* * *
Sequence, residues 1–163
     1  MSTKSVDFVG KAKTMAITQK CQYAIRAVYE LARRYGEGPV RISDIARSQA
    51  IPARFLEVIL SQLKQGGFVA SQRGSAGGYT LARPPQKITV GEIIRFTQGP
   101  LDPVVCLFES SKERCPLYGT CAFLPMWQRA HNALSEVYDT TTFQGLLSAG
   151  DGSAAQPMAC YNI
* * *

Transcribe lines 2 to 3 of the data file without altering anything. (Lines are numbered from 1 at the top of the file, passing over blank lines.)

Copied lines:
     1  MSTKSVDFVG KAKTMAITQK CQYAIRAVYE LARRYGEGPV RISDIARSQA
    51  IPARFLEVIL SQLKQGGFVA SQRGSAGGYT LARPPQKITV GEIIRFTQGP